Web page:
Sunday, August 31, 2008

Global tourism is a big source of pollution (and global warming, maybe)


Elizabeth Becker has a provocative editorial in The Washington Post today (Aug. 31, 2008) about “global tourism” which she calls a “planet-threatening plague.” The article, on page B01, Outlook, is called “Don’t Go There: The whole world has the travel bug. And It’s Ravaging the Planet,” link.

Cruise ships – floating hotels – are a particular culprit and tourism accounts for 5% of the planet’s pollution. I’ve never taken a cruise, because I don’t like to stay in the same “space” – I remember Roger Ebert used to sponsor movie cruises in February every year.

She talks about the ease with which luxury hotels got to build right after the Indian Ocean tsunami, and about the damage done to historical structures and towns in Cambodia after the Vietnam war wound down.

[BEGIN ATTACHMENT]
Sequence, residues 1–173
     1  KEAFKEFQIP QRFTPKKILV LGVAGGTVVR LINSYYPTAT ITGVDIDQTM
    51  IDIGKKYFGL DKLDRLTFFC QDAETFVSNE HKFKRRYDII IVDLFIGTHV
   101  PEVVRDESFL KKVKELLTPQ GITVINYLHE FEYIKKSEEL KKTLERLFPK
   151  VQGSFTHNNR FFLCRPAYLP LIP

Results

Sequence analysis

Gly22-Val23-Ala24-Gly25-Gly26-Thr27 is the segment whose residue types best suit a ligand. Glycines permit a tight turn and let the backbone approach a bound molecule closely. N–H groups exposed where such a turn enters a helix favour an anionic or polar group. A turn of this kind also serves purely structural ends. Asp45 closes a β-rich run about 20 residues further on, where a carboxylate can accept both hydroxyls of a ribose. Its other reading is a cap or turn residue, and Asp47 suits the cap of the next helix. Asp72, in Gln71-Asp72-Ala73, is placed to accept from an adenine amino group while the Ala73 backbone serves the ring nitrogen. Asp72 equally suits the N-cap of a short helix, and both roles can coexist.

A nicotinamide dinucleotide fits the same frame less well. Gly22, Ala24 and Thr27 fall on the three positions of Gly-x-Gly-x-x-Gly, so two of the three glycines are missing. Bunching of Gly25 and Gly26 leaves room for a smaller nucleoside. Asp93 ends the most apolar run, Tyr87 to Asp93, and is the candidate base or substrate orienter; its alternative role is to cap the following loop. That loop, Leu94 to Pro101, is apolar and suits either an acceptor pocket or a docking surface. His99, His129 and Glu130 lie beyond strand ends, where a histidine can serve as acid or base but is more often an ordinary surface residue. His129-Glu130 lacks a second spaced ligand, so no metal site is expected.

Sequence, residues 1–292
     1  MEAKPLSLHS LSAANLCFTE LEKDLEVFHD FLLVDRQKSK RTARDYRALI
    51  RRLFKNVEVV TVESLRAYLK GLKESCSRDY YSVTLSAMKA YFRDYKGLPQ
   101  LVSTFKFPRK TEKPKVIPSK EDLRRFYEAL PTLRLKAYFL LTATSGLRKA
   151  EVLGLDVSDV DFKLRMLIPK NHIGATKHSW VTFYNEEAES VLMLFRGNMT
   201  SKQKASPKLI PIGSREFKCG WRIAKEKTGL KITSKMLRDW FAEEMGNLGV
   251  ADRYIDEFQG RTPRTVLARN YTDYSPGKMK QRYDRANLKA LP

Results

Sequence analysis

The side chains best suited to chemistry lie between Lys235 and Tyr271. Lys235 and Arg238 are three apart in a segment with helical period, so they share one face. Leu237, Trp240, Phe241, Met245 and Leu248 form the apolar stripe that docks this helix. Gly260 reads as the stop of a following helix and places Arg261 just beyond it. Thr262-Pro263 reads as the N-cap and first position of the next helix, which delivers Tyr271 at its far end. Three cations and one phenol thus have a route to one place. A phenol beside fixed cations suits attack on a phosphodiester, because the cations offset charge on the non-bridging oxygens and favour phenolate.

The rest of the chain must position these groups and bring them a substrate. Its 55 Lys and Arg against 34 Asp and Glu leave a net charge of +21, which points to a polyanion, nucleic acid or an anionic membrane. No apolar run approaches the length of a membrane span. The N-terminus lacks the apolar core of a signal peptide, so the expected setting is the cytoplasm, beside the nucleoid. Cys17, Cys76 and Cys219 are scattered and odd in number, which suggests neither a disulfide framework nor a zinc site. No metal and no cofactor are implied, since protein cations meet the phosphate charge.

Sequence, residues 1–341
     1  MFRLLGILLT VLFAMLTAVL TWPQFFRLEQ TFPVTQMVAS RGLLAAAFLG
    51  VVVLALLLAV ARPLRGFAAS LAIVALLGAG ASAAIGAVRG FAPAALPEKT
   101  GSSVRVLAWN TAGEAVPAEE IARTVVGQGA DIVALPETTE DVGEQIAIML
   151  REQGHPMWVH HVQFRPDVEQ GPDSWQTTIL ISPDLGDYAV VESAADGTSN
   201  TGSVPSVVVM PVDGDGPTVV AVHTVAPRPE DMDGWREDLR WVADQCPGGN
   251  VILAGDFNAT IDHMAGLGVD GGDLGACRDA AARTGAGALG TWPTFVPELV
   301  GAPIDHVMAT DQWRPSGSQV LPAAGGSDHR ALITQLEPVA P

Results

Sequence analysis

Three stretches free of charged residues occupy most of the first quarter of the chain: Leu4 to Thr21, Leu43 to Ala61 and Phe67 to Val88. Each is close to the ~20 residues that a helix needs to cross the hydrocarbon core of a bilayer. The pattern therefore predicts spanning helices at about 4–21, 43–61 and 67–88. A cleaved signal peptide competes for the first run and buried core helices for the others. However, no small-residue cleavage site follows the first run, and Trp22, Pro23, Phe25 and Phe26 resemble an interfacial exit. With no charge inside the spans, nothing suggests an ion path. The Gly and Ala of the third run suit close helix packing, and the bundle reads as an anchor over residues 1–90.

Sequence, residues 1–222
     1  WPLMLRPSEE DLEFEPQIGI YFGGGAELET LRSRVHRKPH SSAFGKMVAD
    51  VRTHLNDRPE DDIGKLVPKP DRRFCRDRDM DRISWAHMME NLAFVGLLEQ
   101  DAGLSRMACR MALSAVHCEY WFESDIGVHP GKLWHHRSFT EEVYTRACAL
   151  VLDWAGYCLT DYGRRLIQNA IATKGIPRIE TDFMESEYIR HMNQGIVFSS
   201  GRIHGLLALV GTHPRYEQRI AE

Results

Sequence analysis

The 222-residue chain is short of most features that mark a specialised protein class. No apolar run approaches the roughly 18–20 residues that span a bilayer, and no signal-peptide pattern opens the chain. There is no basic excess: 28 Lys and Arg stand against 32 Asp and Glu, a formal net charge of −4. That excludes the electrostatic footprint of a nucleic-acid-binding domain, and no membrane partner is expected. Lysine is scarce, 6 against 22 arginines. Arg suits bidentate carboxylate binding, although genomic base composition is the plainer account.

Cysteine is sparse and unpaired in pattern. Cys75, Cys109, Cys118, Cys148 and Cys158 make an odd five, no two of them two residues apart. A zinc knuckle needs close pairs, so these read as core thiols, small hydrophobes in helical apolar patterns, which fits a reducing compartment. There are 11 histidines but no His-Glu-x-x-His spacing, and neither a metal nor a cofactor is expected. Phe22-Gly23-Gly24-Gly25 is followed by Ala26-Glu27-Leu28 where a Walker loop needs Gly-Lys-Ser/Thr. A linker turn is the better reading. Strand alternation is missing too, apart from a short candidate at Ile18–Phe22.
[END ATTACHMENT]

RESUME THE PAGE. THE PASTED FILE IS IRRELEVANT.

It’s odd that she says that travel and tourism are cheap – when you consider the run-up on oil prices this year, and all the airline fees and the end of many discount fares (although they could come back).

It’s true, that when I came of age, the possibility of going on a “self-date” hundreds of miles away for just a weekend gave me a sense of independence – that I needed as a social bargaining chip.

It’s also said that for the three nights after September 11, 2001, when air traffic was grounded, the nighttime temperatures, without airliner contrails, were 2 degrees F lower.

We heard talk of curtailing personal travel before, during the Arab oil embargo of the 1970s, and after the second oil crisis (Iran) in 1979.

This time, it sounds like a sustainability issue. Apart from cyberspace, lfe could get much more local for the next generation.

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